The National Cathedral controversy is still raging. Somewhere in the Ridge area of the nation’s capital, a major demolition exercise of perfectly sound buildings is taking place to make way for what Reverend Duncan Williams says would be a Nana Addo-Dankwa Akufo-Addo legacy: The so-called National Cathedral. Never mind that a good 80% or so of Ghanaians do not approve of it. The TUC has slammed it as unnecessary and the Coalition of Muslim Organizations of Ghana (COMOG) has sounded alarm bells regarding the dangers it poses to religious independence and many others have voiced misgivings, but it still has found its way into the 2019 national budget.
The main reasons that have been advanced for this “priority of priorities” religion nuanced project, has led some less charitable critics to wonder whether there are no hidden occult considerations. Remember, one man’s religion, is another’s occult. Ominously, those who approve of it see those opposing it as Antichrist. It is not a good sign – religious positions muscling into the political space. Secular republican governments stay well away from imposing religious symbols on citizens and keep State and Religion far apart.
There is a surfeit of cathedral space in Ghana, ranging from the traditional church buildings of the Catholics, Presbyterians, Methodists, etc., to the swanky nouveau architecture flaunted by Dag Heward-Mills’ Qodesh, Mensah Otabil, Duncan Williams, Agyin Asare, and many other charismatic church pavilions. They seem to be in competition with one another as some actually advertise themselves as “mega” churches. One of the most imposing buildings in the capital is the Temple of the Church of Jesus Christ of Latter Day Saints (Mormons) with their “Stakes” and mini temples all over the country.
In Ghana, there is no want of cathedral space, even small villages proudly own their “asore dan”, so what could be so compelling as to railroad a government in a secular multi-faith country to be so intent on defying public opinion to put up a “National Cathedral”?
Ghana’s governments, since independence have bequeathed many lasting nation-uniting legacies: Osagyefo Dr. Kwame Nkrumah’s Akosombo Dam, Tema Harbour and Township, Job 600, etc; J.J. Rawlings’ National Theatre and International Conference Centre, UDS, etc; John Kufuor’s Jubilee House, roads and a number of sports stadia; John Mahama’s Terminal 3 at KIA, Accra Regional Hospital, Medical School Hospital on University of Ghana campus, our own Dubai at the Kwame Nkrumah Interchange, to name but a few of such legacies. Even General Acheampong has Dansoman Estates and other legacies to mourn his tragic end…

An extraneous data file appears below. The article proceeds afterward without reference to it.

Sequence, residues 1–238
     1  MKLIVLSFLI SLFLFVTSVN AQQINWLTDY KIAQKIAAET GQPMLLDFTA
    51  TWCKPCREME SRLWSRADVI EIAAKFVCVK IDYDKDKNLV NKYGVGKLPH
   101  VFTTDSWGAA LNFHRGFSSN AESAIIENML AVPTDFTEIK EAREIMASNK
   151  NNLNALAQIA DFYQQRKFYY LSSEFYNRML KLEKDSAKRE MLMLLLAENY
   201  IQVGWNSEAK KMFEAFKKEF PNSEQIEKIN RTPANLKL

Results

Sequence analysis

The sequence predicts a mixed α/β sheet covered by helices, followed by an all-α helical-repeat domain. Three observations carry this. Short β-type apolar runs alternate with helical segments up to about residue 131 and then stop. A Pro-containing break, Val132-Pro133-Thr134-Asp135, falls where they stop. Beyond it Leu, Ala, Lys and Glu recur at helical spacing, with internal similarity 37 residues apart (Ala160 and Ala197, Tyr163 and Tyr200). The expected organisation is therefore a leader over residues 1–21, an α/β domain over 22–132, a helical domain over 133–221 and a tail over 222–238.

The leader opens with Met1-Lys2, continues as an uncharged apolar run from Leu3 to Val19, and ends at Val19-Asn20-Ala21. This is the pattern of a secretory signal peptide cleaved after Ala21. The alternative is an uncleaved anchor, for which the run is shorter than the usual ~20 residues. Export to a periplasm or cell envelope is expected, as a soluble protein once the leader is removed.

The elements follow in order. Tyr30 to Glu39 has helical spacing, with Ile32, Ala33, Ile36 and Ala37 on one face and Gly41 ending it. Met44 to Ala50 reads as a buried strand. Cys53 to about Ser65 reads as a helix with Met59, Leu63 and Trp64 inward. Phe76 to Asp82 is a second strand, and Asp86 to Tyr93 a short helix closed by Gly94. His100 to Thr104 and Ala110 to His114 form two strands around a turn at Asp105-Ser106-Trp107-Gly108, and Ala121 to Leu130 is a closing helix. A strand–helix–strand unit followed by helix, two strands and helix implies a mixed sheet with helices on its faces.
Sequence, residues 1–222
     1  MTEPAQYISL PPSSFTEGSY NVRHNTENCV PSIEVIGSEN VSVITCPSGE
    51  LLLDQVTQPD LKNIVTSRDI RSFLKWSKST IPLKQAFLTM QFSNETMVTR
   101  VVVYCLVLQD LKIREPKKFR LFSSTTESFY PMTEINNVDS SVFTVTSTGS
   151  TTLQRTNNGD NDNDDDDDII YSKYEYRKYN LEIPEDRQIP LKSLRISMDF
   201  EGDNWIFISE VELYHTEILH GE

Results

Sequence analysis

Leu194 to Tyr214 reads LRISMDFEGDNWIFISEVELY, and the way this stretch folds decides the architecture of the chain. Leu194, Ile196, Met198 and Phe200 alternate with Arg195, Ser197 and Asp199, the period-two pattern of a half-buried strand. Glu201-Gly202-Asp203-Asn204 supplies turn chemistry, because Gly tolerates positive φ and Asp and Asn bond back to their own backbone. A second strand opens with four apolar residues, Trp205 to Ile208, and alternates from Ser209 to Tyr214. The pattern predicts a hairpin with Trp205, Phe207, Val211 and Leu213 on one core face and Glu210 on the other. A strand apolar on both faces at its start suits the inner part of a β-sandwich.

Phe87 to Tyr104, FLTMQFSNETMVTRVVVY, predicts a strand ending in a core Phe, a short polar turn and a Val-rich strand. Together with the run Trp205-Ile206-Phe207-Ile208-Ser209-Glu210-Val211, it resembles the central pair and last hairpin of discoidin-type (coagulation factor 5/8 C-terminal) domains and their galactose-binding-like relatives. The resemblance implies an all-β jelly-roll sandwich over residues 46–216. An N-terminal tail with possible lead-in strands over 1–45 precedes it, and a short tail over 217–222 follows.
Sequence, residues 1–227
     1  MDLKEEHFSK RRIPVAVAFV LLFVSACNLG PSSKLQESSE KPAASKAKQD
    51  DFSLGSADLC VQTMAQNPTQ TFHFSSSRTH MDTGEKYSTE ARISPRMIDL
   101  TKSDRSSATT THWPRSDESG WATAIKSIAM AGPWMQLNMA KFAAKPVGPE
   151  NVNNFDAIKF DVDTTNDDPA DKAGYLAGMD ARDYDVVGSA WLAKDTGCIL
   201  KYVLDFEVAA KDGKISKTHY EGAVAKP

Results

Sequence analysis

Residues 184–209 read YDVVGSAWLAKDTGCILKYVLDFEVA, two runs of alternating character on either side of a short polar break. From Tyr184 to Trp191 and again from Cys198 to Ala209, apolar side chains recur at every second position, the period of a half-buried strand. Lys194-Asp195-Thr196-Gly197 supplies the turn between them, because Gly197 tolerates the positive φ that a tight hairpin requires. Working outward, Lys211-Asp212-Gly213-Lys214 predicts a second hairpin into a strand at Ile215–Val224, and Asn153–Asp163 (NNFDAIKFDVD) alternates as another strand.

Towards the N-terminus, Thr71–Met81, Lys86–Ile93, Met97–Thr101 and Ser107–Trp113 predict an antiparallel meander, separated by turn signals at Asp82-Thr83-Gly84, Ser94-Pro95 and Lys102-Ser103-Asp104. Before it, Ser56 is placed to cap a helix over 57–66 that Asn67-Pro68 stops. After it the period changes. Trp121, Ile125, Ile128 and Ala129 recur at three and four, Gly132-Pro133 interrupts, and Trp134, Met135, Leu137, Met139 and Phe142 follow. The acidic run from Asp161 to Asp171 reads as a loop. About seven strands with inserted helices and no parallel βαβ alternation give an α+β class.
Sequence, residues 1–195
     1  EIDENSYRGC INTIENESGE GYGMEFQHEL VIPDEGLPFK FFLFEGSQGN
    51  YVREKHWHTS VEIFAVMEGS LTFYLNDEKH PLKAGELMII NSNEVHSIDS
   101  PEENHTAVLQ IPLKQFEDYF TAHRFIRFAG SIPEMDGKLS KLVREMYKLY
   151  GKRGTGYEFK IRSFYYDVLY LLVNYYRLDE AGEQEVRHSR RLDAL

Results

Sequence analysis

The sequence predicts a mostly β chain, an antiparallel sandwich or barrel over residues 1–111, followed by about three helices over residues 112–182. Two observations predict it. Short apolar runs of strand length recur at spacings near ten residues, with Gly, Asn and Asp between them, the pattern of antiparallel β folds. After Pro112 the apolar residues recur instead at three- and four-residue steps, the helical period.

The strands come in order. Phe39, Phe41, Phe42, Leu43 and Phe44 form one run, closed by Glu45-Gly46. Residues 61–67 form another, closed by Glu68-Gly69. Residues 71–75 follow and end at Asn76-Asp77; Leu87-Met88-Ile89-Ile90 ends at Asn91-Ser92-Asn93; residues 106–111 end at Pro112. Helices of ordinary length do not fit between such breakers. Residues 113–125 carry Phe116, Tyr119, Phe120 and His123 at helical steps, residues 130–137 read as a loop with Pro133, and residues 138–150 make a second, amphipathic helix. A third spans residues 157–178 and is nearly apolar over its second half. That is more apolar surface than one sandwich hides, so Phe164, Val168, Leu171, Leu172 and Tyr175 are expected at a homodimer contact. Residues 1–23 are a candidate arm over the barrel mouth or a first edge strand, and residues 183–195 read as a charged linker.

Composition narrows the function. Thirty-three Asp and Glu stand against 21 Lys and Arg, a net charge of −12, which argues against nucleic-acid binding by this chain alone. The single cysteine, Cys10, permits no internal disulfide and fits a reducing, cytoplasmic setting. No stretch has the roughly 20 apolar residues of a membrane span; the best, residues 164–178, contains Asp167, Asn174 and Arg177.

This is the first time in our history that a government is using a partisan religious theme to put up a structure and describe it as “National”. The “National Cathedral”, according to its very few supporters, is justified among other reasons as a foil to the imposing mosque at Nima in Accra. But that is as disingenuous as it is patently pitting religions against one another. The Nima mosque is not “National” and is not being put up by the Government of Ghana directly or indirectly. And it was not coordinated as a “priority of priorities” from the seat of all the governments its very long construction period coincided with!
So, it leads to this question: Is the National Cathedral not a dangerous misplaced divisive legacy? The very fundamental right of the Freedom of Worship is being trampled upon and undermined.
If I’m a Moslem or Bahai or Hindu or Traditionalist, why should a Christocentric structure be imposed on me on the pretext of a “national” focal point?
Even the various Christian branches like the Roman Catholics, Presbyterians, Anglicans, Methodists, Seventh Day Adventists, Jehovah Witnesses, Church of Jesus Christ of Latter Day Saints (Mormons), Charismatics and the plethora of the many offshoots of Christianity reserve the right not to be imposed upon by a “national cathedral” put up with the connivance of the State!
The State has no business in religion, according to our constitution, and any individual has the right to believe or not to believe in anything and that right is inviolable.
It is therefore unconstitutional to employ state resources, no matter what convoluted route taken, in any venture with the slightest whiff of religious proselytising. This “National Cathedral” is Christocentric and leaves out all the other religions in Ghana that are not Christian.
There can be no cathedral without the symbols of the Christian faith, therefore, this cathedral would not qualify to carry the accolade of “National” and should not be countenanced by any but the most divisive of governments. Could it have occult underpinnings as some are alleging and those against it bearing the mark of the Antichrist? No matter from what angle it is looked at, this is one “National” edifice is branded and will never be a focal point for ALL Ghanaians and will forever remain a potent symbol of the discriminatory hand of a government with a one-sided religious agenda if its construction is forced through.
By Oli A. Rahman